Al McCoy Still On Top Of His Game
The following appeared in the Arizona Republic's "The Heat Index" section on June 3, 2005. We thank lifetime ASA member Al McCoy for sending it in.
This is what “The Heat Index” wants to know: Where the heck is that Al McCoy bobblehead?
(Of course, we would want one that chirps “Shazam!” every time we write a sentence without misspelling a word; and “Oh, brother!” whenever the boss makes an appearance.)
Most Phoenix Suns fans probably can’t remember when McCoy wasn’t around. He has been broadcasting games for 33 years, and is a true survivor in the booth. His most memorable experience came in the 1976 Suns-Celtics championship series at Boston Garden when he had to fling a passed-out drunk off his lap as he was describing the shot by Garfield Heard that sent the game into the third of three overtimes.
This season , McCoy was at the top of his game, and he shows no signs of slowing down. He ranks a notch ahead of his Diamondbacks and Cardinals brethren, Greg Schulte, Thom Brennaman and Dave Pasch.
“I still enjoy the game,” McCoy told The Heat Index. “I enjoy the winning and competitiveness. But if you’re broadcasting for a team that’s winning…62 wins is a little more fun than 29.”
“But I’ve always said that when they throw the ball up, and I’m able to forget that the plane was late, the room wasn’t made up at the hotel, if you can forget those things and concentrate on the game, it’s still OK. When you see the great players in the NBA, it’s easy to keep your enthusiasm.”
When McCoy is teamed with analyst Eddie Johnson, it’s the best one-two broadcast punch in the Valley.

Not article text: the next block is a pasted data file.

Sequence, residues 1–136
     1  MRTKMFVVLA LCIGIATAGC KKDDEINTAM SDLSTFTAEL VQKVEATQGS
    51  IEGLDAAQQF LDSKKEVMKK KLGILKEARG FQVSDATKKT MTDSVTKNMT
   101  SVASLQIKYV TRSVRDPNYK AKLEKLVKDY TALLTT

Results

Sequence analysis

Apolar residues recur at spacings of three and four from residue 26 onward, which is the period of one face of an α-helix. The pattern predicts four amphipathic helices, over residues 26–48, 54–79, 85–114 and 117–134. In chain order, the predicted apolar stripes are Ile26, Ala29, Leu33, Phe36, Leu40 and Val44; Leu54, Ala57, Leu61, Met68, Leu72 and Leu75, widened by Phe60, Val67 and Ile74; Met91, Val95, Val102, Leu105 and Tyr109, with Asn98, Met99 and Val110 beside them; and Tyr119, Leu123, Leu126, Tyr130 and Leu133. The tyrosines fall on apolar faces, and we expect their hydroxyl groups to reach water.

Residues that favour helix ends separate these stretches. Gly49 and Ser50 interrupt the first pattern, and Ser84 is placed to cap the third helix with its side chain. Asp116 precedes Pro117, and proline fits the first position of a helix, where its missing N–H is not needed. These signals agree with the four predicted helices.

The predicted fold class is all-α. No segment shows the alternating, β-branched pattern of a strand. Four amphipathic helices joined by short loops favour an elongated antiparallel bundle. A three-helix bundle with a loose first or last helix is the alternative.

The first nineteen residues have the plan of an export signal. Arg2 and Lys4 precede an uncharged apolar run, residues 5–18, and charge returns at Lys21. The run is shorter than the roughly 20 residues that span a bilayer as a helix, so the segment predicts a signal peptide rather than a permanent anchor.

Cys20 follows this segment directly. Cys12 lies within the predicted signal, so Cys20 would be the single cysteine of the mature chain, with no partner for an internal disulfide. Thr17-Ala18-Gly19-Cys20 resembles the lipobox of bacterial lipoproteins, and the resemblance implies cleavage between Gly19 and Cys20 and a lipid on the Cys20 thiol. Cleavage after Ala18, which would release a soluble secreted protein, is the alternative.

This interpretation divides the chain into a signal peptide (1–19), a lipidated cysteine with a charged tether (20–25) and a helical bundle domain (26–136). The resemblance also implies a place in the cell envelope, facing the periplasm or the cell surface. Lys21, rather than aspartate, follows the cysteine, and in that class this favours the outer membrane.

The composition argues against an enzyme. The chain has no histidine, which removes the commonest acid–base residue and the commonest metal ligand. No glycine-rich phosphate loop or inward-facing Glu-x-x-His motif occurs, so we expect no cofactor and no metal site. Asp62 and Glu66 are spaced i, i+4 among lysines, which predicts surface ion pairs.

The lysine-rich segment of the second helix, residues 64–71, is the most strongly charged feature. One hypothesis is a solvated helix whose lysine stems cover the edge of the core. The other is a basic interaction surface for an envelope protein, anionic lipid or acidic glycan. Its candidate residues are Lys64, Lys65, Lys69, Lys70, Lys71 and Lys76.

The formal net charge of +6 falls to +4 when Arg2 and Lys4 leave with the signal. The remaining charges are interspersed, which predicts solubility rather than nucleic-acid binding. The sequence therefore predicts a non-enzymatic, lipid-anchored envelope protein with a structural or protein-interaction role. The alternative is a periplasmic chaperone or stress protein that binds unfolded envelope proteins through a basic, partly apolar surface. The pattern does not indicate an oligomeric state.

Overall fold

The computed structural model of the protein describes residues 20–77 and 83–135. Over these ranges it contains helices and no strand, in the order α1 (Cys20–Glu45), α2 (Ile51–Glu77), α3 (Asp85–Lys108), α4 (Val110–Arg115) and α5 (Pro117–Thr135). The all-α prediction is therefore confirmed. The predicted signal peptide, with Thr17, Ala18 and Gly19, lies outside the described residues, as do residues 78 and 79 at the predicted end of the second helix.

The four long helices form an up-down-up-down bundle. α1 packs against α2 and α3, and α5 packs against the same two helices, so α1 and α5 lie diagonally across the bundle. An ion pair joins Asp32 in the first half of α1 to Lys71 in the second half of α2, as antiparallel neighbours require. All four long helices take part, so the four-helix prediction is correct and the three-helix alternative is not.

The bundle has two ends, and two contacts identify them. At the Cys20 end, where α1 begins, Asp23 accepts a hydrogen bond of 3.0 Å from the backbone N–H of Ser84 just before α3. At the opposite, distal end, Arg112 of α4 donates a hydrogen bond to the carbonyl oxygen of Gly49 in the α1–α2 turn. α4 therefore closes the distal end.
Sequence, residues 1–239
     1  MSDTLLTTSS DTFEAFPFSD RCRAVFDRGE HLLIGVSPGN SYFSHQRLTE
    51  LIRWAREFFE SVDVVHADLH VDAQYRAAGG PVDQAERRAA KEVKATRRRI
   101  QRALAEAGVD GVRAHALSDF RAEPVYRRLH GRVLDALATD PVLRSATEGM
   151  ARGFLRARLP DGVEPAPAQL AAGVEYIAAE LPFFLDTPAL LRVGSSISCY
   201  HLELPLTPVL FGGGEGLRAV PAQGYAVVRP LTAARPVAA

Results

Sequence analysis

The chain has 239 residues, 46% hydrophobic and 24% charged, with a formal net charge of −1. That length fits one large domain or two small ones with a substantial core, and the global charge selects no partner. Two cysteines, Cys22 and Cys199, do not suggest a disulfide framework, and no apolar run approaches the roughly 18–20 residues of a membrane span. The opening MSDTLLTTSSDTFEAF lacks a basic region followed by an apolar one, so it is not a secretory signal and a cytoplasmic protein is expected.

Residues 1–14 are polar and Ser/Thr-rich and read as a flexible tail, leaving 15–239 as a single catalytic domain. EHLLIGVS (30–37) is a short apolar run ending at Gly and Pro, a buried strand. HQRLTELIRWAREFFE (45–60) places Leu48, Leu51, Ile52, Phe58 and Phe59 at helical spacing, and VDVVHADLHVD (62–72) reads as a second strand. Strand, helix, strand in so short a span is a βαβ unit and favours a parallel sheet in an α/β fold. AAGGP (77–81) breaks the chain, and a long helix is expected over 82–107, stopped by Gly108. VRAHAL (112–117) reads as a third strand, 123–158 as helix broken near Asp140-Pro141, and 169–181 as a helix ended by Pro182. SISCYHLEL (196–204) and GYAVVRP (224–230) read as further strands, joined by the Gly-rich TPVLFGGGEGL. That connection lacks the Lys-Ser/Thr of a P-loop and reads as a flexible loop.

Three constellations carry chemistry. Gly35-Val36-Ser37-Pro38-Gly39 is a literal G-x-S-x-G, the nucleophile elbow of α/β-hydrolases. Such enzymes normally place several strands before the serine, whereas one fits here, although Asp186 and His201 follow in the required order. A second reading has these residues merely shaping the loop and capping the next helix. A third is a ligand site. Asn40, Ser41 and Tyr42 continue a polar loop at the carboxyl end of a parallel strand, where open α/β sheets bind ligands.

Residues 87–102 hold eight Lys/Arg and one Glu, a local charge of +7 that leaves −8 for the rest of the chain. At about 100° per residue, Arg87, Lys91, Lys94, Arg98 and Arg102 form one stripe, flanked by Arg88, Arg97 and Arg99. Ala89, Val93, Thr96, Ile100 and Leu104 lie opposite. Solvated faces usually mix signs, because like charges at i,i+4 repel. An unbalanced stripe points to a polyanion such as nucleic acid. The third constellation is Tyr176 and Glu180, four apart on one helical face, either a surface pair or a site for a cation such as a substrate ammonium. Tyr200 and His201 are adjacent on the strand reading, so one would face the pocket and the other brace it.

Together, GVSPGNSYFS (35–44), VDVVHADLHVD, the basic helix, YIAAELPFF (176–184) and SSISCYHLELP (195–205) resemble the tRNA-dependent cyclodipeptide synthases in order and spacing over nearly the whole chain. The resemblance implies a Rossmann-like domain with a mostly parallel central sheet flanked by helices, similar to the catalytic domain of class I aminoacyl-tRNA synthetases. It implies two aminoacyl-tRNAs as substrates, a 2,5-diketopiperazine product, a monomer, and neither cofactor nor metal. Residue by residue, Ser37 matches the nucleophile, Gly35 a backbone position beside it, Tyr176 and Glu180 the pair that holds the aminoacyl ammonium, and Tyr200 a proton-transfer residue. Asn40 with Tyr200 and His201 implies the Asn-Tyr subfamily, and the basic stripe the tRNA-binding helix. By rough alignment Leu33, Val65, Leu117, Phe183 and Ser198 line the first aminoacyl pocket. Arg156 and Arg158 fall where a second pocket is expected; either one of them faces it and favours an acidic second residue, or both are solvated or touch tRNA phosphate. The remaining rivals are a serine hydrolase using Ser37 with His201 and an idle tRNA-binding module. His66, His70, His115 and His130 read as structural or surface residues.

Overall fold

Here’s THI's look, in order, at the seven broadcasters we rank above average:
Al McCoy: His enthusiasm and knowledge mix together well, and he can analyze a situation on the fly.
Eddie Johnson: What makes Johnson so effective is that despite the fast pace of the game, he’s able to make his points accurately, and he’s not afraid to criticize players if he thinks it’s needed.
Greg Schulte: The Diamondbacks radio voice was maybe a bit overmatched when he first got the gig but not so anymore. He keeps listeners entertained, and the mistake he makes are few and far between.
Thom Brennaman: His recent frank observations may have earned him the wrath of some players, but he’s giving listeners a better show.
Dave Pasch: Although it’s not difficult to take potshots at the Cardinals, he makes his legitimate, and when they do well, he usually manages to contain his glee, likely knowing the good times won’t last long.
Matt Williams: In his brief forays into the booth, Williams provides solid information, and he doesn’t try to impress listeners by coming across as an insider.
Mark Grace: Has been doing a better job of late combining humor with his baseball acumen, and his analysis has been deeper than in the past.